While like the rest of the Doha Round negotiations, work on fisheries subsidies paused in 2011, intensive activity in this area resumed in the lead-up to the 2015 Nairobi Ministerial Conference. This activity began with a paper proposing a “recalibrated outcome” on fisheries subsidies, for adoption by the Ministerial Conference, put forward by a group of delegations (Argentina, Iceland, New Zealand, Norway, Peru and Uruguay).

The activity on a possible Nairobi outcome on fisheries subsidies continued to be pursued throughout the autumn of 2015 and at the Nairobi Ministerial Conference. A number of members submitted proposals for fisheries subsidies outcomes in an eventual Nairobi package, variously focusing on transparency alone (Australia, EU) and on transparency plus certain disciplines and special and differential treatment (African, Caribbean and Pacific Group, Peru). The transparency elements related to submission of fisheries-related information in the regular subsidy notifications to the WTO, and the discipline elements included proposed prohibitions on subsidies to illegal, unreported and unregulated (IUU) fishing and to fishing in respect of overfished stocks.

Members' positions on these proposals were sharply divided. Objections spanned a wide range; some considered the proposals too ambitious, while others thought they were insufficient. In addition, some considered enhanced transparency a necessary prerequisite to substantive negotiations, while others considered the transparency elements  overly burdensome and justifiable only if there were new substantive disciplines on fisheries subsidies.

The Nairobi work on fisheries subsidies culminated with the circulation by the Rules Facilitator of a draft decision text that would have included a specific work programme on new disciplines accompanied by new transparency provisions. Ultimately, members' differences of view remained and consensus was not achieved. All of the proponents expressed the view that work on fisheries subsidies should continue post-Nairobi.


Horizontal subsidies

As part of the DDA WTO members have worked on proposals to “clarify and improve” the existing “horizontal” disciplines on subsidies of the SCM Agreement, which apply across the board to all subsidies relating to goods. While these horizontal subsidies negotiations were less active than those on fisheries subsidies, a significant number of substantive proposals were vigorously debated over the course of the rules negotiations.

The only specific proposals for a subsidies outcome at Nairobi came from the European Union, and related to proposed new mechanisms for the notification and review of subsidies and countervailing measures. While certain members supported some of the ideas proposed, some developing members responded that the proposals would impose an unacceptable burden that would outweigh its limited value-added.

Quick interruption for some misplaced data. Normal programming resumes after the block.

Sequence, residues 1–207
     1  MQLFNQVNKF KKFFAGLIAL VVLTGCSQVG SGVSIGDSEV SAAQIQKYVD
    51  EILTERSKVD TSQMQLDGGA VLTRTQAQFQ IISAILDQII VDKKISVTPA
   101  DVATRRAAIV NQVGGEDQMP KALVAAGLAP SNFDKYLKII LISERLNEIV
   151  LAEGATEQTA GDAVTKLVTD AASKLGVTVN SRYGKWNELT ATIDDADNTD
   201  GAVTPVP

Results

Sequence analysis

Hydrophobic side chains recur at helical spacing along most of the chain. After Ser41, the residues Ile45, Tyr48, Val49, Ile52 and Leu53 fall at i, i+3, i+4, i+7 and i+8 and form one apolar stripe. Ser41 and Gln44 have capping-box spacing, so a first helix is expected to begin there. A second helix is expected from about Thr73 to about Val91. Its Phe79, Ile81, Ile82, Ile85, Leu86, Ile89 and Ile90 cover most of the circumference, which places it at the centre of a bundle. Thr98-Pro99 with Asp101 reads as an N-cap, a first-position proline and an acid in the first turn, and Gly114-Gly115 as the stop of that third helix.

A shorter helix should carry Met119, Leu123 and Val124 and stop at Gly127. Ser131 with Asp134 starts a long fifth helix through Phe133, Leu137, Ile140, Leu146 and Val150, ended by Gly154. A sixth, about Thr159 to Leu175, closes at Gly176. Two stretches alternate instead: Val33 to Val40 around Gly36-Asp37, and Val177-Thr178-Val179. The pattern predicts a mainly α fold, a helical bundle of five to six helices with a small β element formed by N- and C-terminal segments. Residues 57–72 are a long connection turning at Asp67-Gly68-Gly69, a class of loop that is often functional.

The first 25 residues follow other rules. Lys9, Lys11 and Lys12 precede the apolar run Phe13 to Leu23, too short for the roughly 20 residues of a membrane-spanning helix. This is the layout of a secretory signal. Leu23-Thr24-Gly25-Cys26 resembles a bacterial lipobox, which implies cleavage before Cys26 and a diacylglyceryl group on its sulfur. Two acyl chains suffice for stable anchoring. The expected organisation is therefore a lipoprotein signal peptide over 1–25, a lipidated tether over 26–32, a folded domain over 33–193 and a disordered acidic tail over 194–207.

No active work on horizontal subsidies disciples took place at Nairobi, and the Facilitator produced no text.


Regional trade agreements

Assessing whether RTAs meet WTO rules has been challenging as the interpretation of the rules remains open to debate. In 2001, members agreed in the Doha Declaration to negotiate a solution with the aim of “clarifying and improving disciplines and procedures under the existing WTO provisions applying to regional trade agreements”. The 2006 General Council Decision that established the provisional transparency mechanism for RTAs was the first result from such negotiations. In December 2010, members agreed to start the review of the mechanism, with a view to making it permanent and discussions were held up to April 2011 in the Negotiating Group on Rules.

On clarifying and improving the disciplines on RTAs, proposals have mainly focused on how to quantify or define the phrase “substantially all the trade” in Article 24 of the General Agreement on Tariffs and Trade (GATT), which states that customs unions and free trade areas are permitted if they eliminate tariffs on substantially all the trade between the parties. Proposals have also focused on special and differential treatment for developing countries, which has received “sharply divergent” reactions. There have been proposals for a post-Doha work programme on all systemic issues but reactions to this have also been varied. Some delegations have deemed it premature to engage in such outcomes until there is greater clarity in other areas of work such as in agriculture and non-agricultural market access (NAMA). Talks on RTAs are handled by the NGR as well.

At the 10th Ministerial Conference in Nairobi, WTO members agreed to work towards the transformation of the current provisional Transparency Mechanism into a permanent mechanism, without prejudice to questions related to notification requirements.

Jargon buster

Dumping: When goods are exported at a price less than their normal value, generally meaning they are exported for less than they are sold in the domestic market or third-country markets, or at less than production cost.

Anti-dumping duties: WTO rules allow anti-dumping duties to be imposed on goods that are deemed to be dumped and causing injury to producers of competing products in the importing country. These duties are equal to the difference between the goods’ export price and their normal value, if dumping causes injury.

Countervailing measures: Action taken by the importing country, usually in the form of increased duties to offset subsidies given to producers or exporters in the exporting country.

Subsidy: There are two general types of subsidies: export and domestic. An export subsidy is a benefit conferred on a firm by the government that is contingent on exports. A domestic subsidy is a benefit not directly linked to exports.